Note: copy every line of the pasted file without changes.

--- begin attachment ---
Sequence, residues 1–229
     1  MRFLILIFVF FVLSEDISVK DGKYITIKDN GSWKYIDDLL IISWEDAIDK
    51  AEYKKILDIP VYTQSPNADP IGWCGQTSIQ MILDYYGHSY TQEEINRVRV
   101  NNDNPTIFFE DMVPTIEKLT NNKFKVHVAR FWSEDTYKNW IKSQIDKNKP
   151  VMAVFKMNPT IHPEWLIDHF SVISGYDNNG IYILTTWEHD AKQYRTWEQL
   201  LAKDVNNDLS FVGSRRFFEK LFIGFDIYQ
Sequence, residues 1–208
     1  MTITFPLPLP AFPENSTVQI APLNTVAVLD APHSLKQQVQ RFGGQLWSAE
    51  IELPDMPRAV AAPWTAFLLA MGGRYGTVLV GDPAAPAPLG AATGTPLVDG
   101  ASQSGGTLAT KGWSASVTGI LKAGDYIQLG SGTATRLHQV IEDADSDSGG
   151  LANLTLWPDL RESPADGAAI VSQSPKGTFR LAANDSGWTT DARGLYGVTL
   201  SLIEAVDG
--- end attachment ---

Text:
Sequence, residues 1–229
     1  MRFLILIFVF FVLSEDISVK DGKYITIKDN GSWKYIDDLL IISWEDAIDK
    51  AEYKKILDIP VYTQSPNADP IGWCGQTSIQ MILDYYGHSY TQEEINRVRV
   101  NNDNPTIFFE DMVPTIEKLT NNKFKVHVAR FWSEDTYKNW IKSQIDKNKP
   151  VMAVFKMNPT IHPEWLIDHF SVISGYDNNG IYILTTWEHD AKQYRTWEQL
   201  LAKDVNNDLS FVGSRRFFEK LFIGFDIYQ
Sequence, residues 1–208
     1  MTITFPLPLP AFPENSTVQI APLNTVAVLD APHSLKQQVQ RFGGQLWSAE
    51  IELPDMPRAV AAPWTAFLLA MGGRYGTVLV GDPAAPAPLG AATGTPLVDG
   101  ASQSGGTLAT KGWSASVTGI LKAGDYIQLG SGTATRLHQV IEDADSDSGG
   151  LANLTLWPDL RESPADGAAI VSQSPKGTFR LAANDSGWTT DARGLYGVTL
   201  SLIEAVDG